Are there any state or local laws governing rent security deposits?

Delaware statutory law addresses security deposits for residential leases and provides that security deposits must be held in an escrow account in a federally insured banking institution with an office in Delaware. 25 Del. C. § 5514. The security deposit shall not exceed one month’s rent where the rental agreement is for one year or more or for primary residential tenancies of undefined terms, or month-to-month where the tenancy has lasted one year or more. Id.

Delaware case law does not restrict the amount that a commercial landlord can require as a security deposit, and there are no regulations or requirements governing the return of the security deposit. Commercial leases can provide for the tenant to post a letter of credit as the form of security deposit. Letters of credit are governed by article 5 of the Delaware Uniform Commercial Code (UCC). A letter of credit is generally enforceable according to its terms and is only revocable if it so provides. A letter of credit with no explicit expiration date or other indication of duration expires one year after issuance, and five years after issuance if the letter of credit states it is perpetual.

Can the tenant withhold rent payments on any legal grounds?

In Delaware, a commercial tenant has no statutory right to withhold rent, and a commercial tenant’s right to withhold rent will be governed by applicable contract law principles and the terms of the lease. While Delaware recognizes the doctrine of constructive eviction and permits a tenant to quit the premises and terminate the lease if, by the landlord’s acts, the tenant is deprived of the use and beneficial enjoyment of the premises and is for that reason forced to abandon the premises, the lease terms can preclude a tenant from being able to bring a claim for constructive eviction. Tandy Corp. v. Fusco Properties, L.P., 1996 WL 280774 (Del. Super. Ct. 10 April 1996).

If the landlord fails to keep the rental unit in habitable condition, the tenant has a right to withhold rent until repairs are made. The tenant also has the right to make repairs to the rental unit and then deduct those costs from the rent. 25 Del. C. §§ 5307, 5308. Delaware recognizes the doctrine of constructive eviction and codifies this protection for residential tenants, and the tenant may seek damages, including a rent deduction, if constructively evicted. 25 Del. C. § 5302; Leech v. Husbands, 152 A. 729, 733-34 (Del. Super. Ct. 1930).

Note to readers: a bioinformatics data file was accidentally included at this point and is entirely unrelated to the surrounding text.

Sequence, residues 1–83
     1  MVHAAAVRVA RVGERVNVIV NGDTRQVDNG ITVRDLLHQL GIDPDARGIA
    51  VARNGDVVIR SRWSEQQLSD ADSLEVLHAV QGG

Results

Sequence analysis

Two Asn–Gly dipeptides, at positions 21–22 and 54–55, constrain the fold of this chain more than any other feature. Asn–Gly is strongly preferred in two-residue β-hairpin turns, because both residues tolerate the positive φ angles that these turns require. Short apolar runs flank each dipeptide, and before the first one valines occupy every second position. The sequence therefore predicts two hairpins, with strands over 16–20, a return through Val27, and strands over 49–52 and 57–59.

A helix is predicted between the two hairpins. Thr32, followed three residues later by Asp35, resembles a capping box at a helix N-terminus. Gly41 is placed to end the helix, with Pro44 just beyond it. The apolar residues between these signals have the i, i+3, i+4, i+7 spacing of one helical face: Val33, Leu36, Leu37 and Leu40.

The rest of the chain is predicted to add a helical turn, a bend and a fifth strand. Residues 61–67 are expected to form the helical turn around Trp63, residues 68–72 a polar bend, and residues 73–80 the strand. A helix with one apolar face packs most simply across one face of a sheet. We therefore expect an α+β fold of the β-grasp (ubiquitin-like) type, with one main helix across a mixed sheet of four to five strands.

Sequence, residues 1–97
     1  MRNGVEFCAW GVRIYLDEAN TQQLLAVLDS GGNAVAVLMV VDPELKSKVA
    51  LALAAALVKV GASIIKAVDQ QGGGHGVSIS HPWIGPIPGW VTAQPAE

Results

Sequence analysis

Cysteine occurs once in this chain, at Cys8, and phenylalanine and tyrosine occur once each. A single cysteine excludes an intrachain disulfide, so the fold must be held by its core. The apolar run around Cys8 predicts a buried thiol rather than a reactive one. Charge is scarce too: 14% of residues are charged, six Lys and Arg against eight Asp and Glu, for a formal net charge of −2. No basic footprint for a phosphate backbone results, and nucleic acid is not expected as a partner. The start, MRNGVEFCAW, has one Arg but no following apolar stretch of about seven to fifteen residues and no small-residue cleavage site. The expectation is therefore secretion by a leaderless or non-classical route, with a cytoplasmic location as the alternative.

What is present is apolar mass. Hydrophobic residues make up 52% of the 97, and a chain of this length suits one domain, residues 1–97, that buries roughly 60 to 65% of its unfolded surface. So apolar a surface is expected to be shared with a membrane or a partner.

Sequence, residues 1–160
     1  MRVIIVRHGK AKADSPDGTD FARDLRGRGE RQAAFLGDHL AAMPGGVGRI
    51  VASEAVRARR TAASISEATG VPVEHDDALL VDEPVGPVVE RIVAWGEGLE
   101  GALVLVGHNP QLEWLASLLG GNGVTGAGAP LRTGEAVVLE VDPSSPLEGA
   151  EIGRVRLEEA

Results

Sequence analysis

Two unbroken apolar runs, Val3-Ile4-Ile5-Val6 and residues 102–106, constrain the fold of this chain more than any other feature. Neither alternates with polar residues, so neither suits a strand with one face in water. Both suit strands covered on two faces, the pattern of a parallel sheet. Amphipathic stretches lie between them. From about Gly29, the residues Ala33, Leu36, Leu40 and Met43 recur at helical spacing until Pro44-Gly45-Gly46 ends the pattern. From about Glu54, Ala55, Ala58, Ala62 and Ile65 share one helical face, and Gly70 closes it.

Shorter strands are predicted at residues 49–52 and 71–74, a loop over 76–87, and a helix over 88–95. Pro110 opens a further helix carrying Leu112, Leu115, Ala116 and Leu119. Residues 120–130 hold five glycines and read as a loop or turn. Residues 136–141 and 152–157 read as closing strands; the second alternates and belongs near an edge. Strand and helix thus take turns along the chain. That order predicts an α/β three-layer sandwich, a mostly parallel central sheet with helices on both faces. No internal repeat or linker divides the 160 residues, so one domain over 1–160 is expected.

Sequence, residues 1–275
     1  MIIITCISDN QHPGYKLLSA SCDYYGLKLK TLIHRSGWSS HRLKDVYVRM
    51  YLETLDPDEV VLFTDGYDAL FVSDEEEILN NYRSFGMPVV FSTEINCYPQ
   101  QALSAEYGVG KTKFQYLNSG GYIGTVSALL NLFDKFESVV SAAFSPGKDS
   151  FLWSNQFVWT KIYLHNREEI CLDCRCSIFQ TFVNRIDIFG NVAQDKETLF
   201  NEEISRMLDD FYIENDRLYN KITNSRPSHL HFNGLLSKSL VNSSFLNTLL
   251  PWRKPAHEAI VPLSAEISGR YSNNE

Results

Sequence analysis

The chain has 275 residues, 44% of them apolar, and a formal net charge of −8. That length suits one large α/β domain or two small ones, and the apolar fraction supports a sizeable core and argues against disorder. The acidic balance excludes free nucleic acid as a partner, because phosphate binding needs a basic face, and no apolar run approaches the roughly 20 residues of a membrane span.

Sub-letting

Under what circumstances is sub-letting allowed?

Delaware statutes do not regulate whether a tenant of a commercial lease may assign the lease. A commercial lease, like any other contract, is generally assignable unless the lease restricts assignments. Likewise, a tenant under a commercial lease can generally sublet unless the lease expressly limits subleasing. Case law is not clear on whether a reasonableness standard would be implied when the lease is silent on whether a landlord must be reasonable when granting its consent. Lola Cars Intern. Ltd. v. Krohn Racing, LLC, 2009 WL 4052681 (Del. Ch. 2009).

For residential leases, the tenant may assign the lease or sublease the premises without the landlord’s consent, unless the landlord and the tenant agree otherwise in writing. Even when otherwise agreed on, a landlord may not unreasonably withhold consent for a sublease. 25 Del. C. § 5508.

Obligations and liabilities

What are the general obligations and liabilities of the landlord in respect of the property and what are the consequences of breach?